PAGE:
LLOYD: At least you won’t offend anyone. 
BERNBACH: (Laughing) Eighty-five percent of all ads don’t even get looked at. Think of it! You and I are the most extravagant people in the world. Who else is spending billions of dollars and getting absolutely nothing in return? We were worried about whether or not the American public loves us. They don’t even hate us. They just ignore us. 
HEIDEMANN: Those numbers are getting smaller and smaller over time. Interestingly, the opportunity to connect is getting larger. Customers are expressing their preferences in more and more specific ways. The ability to deliver experiences and content that are meaningful and relevant will materially impact the engagement of an audience. 
LLOYD: So how do you get into that desirable 15%? 
BERNBACH: The only difference is an intangible thing that businessmen are so suspicious of, this thing called artistry. … Try riding the bus … and you just watch the people with Life magazine flipping through the pages at $60,000 a page, and not stopping and looking. The only thing that can stop them is this thing called artistry that says, “Stop, look, this is interesting.”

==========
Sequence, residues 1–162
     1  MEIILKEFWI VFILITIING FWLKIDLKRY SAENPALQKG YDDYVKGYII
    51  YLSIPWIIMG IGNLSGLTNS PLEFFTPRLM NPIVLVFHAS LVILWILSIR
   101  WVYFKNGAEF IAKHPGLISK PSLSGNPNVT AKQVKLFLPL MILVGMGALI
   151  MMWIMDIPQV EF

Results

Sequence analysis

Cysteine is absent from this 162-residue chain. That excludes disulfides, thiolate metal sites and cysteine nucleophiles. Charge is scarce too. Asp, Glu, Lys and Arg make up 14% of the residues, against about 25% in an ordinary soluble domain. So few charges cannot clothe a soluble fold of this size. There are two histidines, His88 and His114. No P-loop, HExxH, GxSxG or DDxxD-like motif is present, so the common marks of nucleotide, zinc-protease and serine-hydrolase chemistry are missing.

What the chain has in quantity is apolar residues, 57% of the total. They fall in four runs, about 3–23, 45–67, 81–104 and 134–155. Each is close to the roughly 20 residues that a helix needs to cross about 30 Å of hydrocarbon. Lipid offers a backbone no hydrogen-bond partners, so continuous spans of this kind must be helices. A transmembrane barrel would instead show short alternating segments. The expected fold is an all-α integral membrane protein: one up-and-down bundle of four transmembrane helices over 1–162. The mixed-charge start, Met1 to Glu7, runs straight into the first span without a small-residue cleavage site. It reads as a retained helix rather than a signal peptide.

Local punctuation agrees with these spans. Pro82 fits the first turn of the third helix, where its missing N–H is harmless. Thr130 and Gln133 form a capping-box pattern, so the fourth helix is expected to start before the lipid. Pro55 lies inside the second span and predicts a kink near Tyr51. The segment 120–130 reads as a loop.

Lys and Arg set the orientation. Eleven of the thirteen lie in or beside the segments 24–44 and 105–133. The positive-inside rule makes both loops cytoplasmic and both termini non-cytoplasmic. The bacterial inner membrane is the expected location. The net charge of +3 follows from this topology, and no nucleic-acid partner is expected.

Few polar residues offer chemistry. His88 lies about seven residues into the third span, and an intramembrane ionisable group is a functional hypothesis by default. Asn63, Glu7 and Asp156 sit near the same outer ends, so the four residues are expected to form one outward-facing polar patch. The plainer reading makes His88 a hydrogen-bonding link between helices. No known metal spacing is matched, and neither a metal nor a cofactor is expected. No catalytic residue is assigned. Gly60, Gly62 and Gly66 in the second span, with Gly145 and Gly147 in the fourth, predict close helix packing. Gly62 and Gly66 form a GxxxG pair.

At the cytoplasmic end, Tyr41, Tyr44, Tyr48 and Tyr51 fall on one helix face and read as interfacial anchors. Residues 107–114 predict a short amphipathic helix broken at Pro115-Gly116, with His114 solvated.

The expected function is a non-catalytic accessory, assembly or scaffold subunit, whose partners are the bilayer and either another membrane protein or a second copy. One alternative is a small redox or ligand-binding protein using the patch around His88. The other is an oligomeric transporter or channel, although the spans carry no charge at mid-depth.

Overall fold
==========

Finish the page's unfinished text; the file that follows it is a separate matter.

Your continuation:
HEIDEMANN: By taking the time to understand consumers at an audience or segment level we have the opportunity to develop experiences and content that exactly meets their needs. No longer do we need to broadcast one-size-fits-all messaging we can speak to customers as individuals. 
LLOYD: Shouldn’t market research improve those odds? 
BERNBACH: Research can be dangerous. It should give you facts and not make judgments for you… We are too busy measuring public opinion that we forget we can mold it. 
HEIDEMANN: Research should be a measure of efficacy and a model for improving the connection between audiences. In today’s world, taking the time to truly understand the expectations and desires of an audience is where research is valuable. In this way, we can begin to craft and refine experiences that are considered relevant.   
LLOYD: Advertisers still need to judge their ideas against something tangible.